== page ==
- Plebiscite to allow the first licence of a particular class - must wait 3 years
- Plebiscite to close an entire class of liquor licences - must wait 4 years
How much notice does the public need before a liquor plebiscite is held?
There is no specific notice period in the Liquor Act. This would therefore be at the discretion of the Minister.
Under the new Act, the question on a plebiscite passes with a majority vote. Is that a majority of residents in the community, or a majority of people who voted?
A majority means 50 percent plus 1 of all persons who vote.
Can communities make a bylaw that staggers the hours of licensed premises?
No. Any community bylaw related to operating hours must apply equally to all licence holders within a particular class of licence. This makes the operating conditions fair for everyone and does not favour one bar over another.
Giving communities the power to make bylaws about bars is off-loading a responsibility that should belong to the government, wouldn't you say?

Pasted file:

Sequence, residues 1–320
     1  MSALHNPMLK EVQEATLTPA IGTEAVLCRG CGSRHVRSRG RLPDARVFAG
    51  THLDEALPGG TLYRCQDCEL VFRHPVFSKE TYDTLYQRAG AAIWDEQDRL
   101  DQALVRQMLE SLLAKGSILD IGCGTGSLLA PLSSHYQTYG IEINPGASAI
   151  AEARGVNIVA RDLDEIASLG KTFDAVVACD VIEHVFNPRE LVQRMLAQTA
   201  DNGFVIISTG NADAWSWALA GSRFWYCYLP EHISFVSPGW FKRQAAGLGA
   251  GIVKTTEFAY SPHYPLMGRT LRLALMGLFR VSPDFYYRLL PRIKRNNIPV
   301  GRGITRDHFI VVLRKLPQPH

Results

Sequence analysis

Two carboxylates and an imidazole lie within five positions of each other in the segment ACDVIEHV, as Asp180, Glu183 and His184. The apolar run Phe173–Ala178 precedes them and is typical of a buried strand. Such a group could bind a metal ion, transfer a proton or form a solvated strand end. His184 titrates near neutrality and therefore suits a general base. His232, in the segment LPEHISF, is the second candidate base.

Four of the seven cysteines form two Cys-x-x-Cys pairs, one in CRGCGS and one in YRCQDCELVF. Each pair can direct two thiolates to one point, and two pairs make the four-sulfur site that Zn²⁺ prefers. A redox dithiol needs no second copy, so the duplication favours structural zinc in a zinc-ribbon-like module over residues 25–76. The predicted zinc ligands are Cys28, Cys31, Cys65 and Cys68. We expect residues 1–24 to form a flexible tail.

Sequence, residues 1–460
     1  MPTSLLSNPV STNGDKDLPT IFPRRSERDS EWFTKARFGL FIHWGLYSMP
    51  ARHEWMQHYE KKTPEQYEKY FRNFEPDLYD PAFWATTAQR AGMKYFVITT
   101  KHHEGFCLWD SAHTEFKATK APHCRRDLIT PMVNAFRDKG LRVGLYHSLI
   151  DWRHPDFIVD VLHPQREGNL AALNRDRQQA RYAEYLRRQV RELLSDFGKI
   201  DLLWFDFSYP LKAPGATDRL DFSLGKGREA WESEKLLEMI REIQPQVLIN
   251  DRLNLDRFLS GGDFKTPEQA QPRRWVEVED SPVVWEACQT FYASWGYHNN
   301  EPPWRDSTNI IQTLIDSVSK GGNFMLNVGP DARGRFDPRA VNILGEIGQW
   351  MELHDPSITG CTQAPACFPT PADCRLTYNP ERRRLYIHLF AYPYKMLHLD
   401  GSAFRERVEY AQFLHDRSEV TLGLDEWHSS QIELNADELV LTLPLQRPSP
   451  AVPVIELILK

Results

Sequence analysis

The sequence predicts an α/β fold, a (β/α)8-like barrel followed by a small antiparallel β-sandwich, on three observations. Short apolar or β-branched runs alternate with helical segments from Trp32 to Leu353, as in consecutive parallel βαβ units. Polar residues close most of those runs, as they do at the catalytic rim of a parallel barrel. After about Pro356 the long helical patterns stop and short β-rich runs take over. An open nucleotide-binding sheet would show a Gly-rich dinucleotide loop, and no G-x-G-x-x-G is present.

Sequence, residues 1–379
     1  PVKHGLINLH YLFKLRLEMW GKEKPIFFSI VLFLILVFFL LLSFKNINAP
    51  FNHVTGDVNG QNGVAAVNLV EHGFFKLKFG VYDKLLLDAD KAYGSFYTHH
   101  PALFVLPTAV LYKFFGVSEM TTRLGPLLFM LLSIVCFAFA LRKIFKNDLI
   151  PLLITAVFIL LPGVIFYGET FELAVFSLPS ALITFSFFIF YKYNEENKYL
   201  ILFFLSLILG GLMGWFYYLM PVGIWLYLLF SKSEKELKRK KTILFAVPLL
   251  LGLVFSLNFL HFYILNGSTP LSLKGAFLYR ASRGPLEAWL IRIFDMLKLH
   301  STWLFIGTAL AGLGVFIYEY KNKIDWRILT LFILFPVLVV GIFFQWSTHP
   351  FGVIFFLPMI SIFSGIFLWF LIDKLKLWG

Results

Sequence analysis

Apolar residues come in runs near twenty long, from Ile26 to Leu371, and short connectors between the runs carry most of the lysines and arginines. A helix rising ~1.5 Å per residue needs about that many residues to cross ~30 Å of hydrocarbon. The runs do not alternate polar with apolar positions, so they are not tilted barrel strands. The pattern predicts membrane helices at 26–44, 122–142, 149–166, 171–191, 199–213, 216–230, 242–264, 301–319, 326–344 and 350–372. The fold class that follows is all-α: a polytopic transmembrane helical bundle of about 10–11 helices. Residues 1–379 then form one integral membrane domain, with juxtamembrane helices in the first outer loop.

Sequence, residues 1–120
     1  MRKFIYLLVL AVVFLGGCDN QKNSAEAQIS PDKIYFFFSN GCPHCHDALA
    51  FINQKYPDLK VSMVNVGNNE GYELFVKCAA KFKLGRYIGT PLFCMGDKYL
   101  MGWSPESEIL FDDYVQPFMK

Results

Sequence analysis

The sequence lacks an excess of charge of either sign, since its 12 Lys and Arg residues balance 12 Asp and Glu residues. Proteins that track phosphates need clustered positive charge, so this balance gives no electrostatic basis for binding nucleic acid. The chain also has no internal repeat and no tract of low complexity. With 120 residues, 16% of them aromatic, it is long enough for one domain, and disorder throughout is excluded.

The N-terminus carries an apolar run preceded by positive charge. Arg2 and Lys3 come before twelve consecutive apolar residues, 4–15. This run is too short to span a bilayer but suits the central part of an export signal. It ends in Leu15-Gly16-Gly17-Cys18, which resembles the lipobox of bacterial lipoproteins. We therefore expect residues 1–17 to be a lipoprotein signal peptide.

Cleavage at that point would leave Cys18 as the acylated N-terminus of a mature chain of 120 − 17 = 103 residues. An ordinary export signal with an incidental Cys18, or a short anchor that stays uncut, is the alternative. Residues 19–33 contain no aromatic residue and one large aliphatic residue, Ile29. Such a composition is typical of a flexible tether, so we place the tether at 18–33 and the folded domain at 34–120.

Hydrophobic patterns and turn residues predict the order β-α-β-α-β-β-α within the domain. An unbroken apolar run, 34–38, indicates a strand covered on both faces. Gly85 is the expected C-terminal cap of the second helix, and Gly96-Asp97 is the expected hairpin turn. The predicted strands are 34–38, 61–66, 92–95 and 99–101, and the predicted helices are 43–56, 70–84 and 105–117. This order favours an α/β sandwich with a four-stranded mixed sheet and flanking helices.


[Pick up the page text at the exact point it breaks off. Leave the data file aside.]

During the 2005 Liquor Act Review, community governments repeatedly told us that they wanted more input into and responsibility for how licensed premises are run in their communities. They said the one-size-fits-all approach that currently exists is inappropriate. The idea of community bylaws was introduced to give communities more control. Granted, this will be more work for communities, but if communities choose not to implement this option, the liquor regulations are written in such a way that the system defaults to the current situation.